The pseudo-improvised reality series The Hills, as it plays out beyond MTV, on celebrity gossip covers and in nearly every other byway of the modern media, is above all a vicious decimator of hope. It mocks our hearts; it plays with our allegiances, and we welcome the abuse, the New York Times observes.
In its third season, which picks up tonight at 10 p.m., The Hills, set among young aspirants of the Hollywood Hills' music and fashion industries, has continued to track the emotional warfare between former best friends Lauren Conrad and Heidi Montag, while delving more deeply into the twistedness and superficiality of the boyfriends who ensure that the tortured rivals treat each other like Crips and Bloods.
Lauren Conrad and the rest of The Hills cast return at 10 p.m. tonight.
Defying our expectations, Heidi has emerged as a kind of feminist hero this season, climbing her way to a bigger position at the event-planning company where she orchestrates Nascar parties and the like, and refusing to acquiesce to the demands of her fiancÃ©, Spencer Pratt, that she get herself home on time.
Her career-mindedness sets their relationship off course.
The 21-year-old Heidi Montag identifies the problem with no name: a boyfriend who sits around an apartment decorated to look like an '80s video arcade while trying to deny Heidi a real wedding with the glory of registering.
As you recall, her groundswell of self-assertion begins when Spencer Pratt insisted on eloping, prompting Heidi to, like, boldly declare:
"This isn't, like, Spencer's relationship and you decide what we do."
The full-on joyous Oprah-fication of Heidi Montag culminates with the show's return and gives The Hills a new momentum.After taking a break from Spencer at her parents' modest house in Crested Butte, Colo., Heidi returns to L.A. to kick him out and chastises him for taking her flat-screen TV with him. How proud Gloria Allred would be.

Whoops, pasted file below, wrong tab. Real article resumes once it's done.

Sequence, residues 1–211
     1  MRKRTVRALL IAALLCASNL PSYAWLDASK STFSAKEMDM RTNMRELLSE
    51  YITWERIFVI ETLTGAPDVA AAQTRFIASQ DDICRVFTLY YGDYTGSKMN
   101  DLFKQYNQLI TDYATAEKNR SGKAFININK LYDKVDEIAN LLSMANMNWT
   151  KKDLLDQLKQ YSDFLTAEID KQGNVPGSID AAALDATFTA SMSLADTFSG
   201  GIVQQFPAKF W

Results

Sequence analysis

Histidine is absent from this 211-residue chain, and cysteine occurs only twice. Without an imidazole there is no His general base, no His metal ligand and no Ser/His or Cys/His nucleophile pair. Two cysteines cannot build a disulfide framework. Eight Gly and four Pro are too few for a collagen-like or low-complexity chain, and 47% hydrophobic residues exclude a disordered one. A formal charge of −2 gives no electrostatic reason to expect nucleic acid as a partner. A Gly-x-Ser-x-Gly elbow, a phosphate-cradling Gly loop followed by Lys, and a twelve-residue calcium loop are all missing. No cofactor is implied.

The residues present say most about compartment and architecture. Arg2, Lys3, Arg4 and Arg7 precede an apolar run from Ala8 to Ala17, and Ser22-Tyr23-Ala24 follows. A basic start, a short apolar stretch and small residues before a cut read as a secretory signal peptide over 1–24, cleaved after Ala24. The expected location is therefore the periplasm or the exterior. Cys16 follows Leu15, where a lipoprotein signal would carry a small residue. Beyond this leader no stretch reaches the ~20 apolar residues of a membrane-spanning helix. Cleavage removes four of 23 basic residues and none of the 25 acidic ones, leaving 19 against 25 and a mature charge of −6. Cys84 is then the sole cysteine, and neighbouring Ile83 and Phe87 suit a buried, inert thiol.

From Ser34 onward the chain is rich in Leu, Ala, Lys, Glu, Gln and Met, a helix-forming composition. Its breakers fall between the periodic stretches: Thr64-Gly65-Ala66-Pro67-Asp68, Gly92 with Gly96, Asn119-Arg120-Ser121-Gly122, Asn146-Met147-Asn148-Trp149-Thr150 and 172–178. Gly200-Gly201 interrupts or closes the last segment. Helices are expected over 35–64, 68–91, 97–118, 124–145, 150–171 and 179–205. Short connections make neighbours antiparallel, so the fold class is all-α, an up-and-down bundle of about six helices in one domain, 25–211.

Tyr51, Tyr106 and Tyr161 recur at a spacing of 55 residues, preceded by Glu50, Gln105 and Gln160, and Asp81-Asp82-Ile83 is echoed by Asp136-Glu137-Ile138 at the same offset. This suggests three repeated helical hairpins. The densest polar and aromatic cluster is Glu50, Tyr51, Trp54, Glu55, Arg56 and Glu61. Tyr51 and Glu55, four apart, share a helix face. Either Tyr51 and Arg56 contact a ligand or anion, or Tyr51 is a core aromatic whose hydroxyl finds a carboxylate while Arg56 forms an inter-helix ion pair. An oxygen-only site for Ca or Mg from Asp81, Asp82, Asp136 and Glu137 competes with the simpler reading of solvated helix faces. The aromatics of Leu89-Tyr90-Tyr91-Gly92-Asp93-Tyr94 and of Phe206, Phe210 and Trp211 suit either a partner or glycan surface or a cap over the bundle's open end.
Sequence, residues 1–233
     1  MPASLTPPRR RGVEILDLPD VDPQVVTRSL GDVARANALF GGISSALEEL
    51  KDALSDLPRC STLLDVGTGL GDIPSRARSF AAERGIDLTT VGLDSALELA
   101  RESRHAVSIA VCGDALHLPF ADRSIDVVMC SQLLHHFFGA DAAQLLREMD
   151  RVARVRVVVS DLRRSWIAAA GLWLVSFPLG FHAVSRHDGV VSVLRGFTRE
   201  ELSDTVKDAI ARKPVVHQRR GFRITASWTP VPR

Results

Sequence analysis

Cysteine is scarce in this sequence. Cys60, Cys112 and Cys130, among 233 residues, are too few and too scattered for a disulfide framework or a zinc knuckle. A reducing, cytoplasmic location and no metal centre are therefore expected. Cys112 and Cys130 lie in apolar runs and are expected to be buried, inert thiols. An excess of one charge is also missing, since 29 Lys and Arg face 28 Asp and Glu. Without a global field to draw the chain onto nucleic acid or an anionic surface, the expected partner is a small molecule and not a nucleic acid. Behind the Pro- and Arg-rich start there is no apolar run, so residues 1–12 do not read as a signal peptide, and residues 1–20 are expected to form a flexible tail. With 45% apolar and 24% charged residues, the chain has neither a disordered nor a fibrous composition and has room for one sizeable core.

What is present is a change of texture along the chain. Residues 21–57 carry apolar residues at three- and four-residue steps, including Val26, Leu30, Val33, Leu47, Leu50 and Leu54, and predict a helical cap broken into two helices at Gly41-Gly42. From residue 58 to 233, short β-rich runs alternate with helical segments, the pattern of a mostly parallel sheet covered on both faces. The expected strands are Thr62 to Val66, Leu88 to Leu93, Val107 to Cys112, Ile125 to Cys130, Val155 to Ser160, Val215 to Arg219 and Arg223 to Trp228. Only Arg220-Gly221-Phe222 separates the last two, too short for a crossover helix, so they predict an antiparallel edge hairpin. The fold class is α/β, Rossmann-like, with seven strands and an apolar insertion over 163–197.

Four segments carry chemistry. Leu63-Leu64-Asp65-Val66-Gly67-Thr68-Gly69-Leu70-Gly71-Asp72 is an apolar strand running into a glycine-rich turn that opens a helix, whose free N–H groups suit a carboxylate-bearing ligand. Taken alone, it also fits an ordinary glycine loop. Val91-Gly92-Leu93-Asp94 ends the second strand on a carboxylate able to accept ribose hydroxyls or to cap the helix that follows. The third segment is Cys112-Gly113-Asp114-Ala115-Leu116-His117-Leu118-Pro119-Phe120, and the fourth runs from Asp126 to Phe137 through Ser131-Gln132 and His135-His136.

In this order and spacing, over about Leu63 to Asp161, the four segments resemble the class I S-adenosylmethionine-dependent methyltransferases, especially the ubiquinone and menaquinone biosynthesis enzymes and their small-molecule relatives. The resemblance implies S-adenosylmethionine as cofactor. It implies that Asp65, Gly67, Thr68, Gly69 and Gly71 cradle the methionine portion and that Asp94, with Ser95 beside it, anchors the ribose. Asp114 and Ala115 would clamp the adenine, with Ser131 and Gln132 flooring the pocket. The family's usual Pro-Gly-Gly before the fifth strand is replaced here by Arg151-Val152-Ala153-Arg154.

And oh, what Lauren Conrad, her vulnerability hidden beneath her baroque moralism, could learn from Heidi right now.
Lauren is pining for Brody Jenner, her ex-boyfriend who, she has confessed more than once, never makes her feel good enough.
The theme of ambition permeates the new season, although it detracts not at all from the show's sense that there's no such thing as postadolescence: you're a teenager until you start having biopsies and paying a mortgage.
Lauren's friend and colleague Whitney Port, until now the best approximation of a Shakespearean mute that reality TV has ever produced, decides she wants more out of life than serving as an assistant at Teen Vogue.
She wants to be a stylist, and her boss, Lisa Love, helps her get a new job.
By showing one short job interview Whit has with the owner of a fashion publicity company called People's Revolution, The Hills captures the delusional self-seriousness of the fashion business better than any episode of Project Runway.
"You'll give up your life," the owner tells her.
Of course Whitney, Lauren and Heidi already have, and millions of Americans have shown their gratitude many times over.